Bonfire-hit apartment residents given assurances damage won't be allowed to happen again
Residents of an apartment block damaged by an Eleventh night bonfire have been given assurances it will not be allowed to happen again.
Windows were cracked at the Victoria Place apartments as the towering bonfire raged on a vacant Housing Executive-owned vacant piece of land on the Eleventh Night near Sandy Row.
Firefighters stationed themselves on the top of the building, dousing it with water, to prevent the fire spreading.
On Wednesday a meeting was held with around 30 residents which was attended by politicians, PSNI, Belfast City Council, the Northern Ireland Fire and Rescue Service and the Housing Executive - to discuss issues surrounding the bonfire.
It's understood there were no unionist politicians present at the meeting.
The DUP said south Belfast MLA Christopher Stalford "received no invite to the meeting" and said his "office is open for any resident that wishes to speak with him on the matter".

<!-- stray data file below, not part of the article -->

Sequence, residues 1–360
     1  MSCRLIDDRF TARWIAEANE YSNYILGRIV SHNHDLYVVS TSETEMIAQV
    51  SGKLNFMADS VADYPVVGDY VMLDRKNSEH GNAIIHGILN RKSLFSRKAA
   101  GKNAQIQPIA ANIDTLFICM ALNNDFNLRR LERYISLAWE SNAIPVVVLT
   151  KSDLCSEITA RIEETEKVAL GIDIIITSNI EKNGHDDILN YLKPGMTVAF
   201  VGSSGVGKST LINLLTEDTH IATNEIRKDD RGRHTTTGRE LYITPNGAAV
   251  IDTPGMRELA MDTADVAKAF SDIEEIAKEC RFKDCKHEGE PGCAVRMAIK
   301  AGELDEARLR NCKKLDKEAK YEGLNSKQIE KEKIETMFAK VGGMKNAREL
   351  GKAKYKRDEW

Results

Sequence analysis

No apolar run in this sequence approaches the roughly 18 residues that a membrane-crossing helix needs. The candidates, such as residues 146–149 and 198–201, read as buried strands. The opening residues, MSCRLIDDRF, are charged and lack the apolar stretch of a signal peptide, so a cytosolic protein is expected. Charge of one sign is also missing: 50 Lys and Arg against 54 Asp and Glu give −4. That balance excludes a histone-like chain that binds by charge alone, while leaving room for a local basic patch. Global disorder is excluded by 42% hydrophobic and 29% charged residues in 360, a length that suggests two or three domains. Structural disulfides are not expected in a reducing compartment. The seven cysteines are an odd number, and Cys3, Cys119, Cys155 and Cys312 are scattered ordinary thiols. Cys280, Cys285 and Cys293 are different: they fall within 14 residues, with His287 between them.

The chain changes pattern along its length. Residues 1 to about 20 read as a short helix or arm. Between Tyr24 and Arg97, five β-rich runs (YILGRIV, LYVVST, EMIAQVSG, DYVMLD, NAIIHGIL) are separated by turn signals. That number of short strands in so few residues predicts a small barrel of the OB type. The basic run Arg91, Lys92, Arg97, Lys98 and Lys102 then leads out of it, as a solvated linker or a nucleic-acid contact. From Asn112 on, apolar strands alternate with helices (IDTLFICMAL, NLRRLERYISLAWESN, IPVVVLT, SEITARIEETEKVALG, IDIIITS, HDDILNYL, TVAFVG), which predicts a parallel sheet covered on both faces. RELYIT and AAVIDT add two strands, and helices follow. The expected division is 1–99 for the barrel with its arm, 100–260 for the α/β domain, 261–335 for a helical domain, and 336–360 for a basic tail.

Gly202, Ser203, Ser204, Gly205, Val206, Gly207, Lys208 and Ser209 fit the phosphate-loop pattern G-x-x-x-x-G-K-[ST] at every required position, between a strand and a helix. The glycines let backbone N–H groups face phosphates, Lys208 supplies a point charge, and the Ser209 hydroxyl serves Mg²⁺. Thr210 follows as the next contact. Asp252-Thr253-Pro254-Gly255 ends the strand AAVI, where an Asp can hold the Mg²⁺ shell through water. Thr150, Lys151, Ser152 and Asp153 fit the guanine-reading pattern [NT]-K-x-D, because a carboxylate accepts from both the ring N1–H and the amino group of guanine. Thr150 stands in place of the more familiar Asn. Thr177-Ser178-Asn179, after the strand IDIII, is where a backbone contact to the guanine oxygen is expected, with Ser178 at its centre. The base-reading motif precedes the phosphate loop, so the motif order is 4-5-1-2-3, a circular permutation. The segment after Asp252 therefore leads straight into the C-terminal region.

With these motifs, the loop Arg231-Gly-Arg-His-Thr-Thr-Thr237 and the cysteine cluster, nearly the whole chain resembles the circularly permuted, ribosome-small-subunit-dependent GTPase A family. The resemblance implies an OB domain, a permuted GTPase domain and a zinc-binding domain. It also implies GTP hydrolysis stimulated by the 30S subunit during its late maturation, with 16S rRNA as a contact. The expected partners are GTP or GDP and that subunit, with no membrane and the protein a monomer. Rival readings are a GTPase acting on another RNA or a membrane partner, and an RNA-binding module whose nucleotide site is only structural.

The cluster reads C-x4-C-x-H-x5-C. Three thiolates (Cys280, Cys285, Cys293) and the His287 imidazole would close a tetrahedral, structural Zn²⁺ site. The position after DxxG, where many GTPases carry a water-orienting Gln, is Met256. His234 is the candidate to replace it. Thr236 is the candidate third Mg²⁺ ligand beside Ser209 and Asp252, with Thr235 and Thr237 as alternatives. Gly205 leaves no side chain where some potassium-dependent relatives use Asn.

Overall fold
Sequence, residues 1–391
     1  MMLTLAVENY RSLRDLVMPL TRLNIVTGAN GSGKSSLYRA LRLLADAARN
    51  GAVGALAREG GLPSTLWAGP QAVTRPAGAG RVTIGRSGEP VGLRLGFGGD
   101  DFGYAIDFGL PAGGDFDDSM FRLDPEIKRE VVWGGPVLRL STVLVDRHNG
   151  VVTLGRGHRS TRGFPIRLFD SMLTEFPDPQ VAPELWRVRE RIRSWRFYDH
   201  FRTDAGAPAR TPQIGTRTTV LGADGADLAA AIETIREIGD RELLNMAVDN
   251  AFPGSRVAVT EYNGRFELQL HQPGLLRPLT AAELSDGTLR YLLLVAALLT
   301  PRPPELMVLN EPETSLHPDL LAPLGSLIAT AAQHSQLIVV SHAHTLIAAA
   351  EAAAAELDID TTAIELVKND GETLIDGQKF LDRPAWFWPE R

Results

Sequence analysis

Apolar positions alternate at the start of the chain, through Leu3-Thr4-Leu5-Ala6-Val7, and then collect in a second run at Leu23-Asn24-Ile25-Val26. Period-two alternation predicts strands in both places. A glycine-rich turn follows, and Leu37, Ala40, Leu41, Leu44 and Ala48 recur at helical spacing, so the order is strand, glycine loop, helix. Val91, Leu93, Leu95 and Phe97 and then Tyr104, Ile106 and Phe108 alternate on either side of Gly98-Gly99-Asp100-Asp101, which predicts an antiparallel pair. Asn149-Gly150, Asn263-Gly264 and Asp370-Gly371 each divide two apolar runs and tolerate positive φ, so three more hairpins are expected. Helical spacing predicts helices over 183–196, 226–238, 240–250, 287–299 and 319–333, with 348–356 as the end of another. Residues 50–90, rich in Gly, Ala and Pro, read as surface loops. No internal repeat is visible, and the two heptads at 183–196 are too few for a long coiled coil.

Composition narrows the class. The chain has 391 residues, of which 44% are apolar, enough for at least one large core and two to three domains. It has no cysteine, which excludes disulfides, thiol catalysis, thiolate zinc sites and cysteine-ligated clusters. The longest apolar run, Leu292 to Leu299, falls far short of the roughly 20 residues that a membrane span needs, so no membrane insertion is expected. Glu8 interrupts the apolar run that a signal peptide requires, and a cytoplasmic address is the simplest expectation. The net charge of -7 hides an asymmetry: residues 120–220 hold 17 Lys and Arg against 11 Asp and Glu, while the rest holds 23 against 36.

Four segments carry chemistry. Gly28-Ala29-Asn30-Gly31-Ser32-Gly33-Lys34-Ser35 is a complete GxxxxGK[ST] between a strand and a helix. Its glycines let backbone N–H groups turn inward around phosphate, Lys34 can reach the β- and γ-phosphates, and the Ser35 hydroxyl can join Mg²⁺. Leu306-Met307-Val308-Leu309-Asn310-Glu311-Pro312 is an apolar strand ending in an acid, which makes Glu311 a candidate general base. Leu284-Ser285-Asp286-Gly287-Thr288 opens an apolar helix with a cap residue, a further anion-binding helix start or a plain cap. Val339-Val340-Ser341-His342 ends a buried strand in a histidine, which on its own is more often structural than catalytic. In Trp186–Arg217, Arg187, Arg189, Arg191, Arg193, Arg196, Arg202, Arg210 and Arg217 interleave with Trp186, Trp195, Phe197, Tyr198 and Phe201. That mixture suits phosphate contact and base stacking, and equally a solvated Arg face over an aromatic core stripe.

The spokeswoman added that MP Emma Little Pengelly has written to residents.
Residents said a "plan of action" has been put in place amid further meetings would be taking place with residents to discuss making the bonfire safer for the future.
SDLP MLA Claire Hanna said it was a "constructive meeting".
She said: "Residents are very frustrated but they are also very reasonable and they put their case to the agencies.
“They have been around the block over the years trying to get their property protected.
“The agencies left with no doubt they will have to act on this.
“It’s my view that we need fresh legislation on this as no individual land owner should have to challenge their way through this political mess.”
Alliance councillor Emmet McDonough Brown said that a meeting will be held in September to "chart progress".
He tweeted: “Residents angry but agencies agreed to do more and try harder."
“We cannot allow residents to bear the risk of contentious issues alone,” he added.
Belfast Telegraph Digital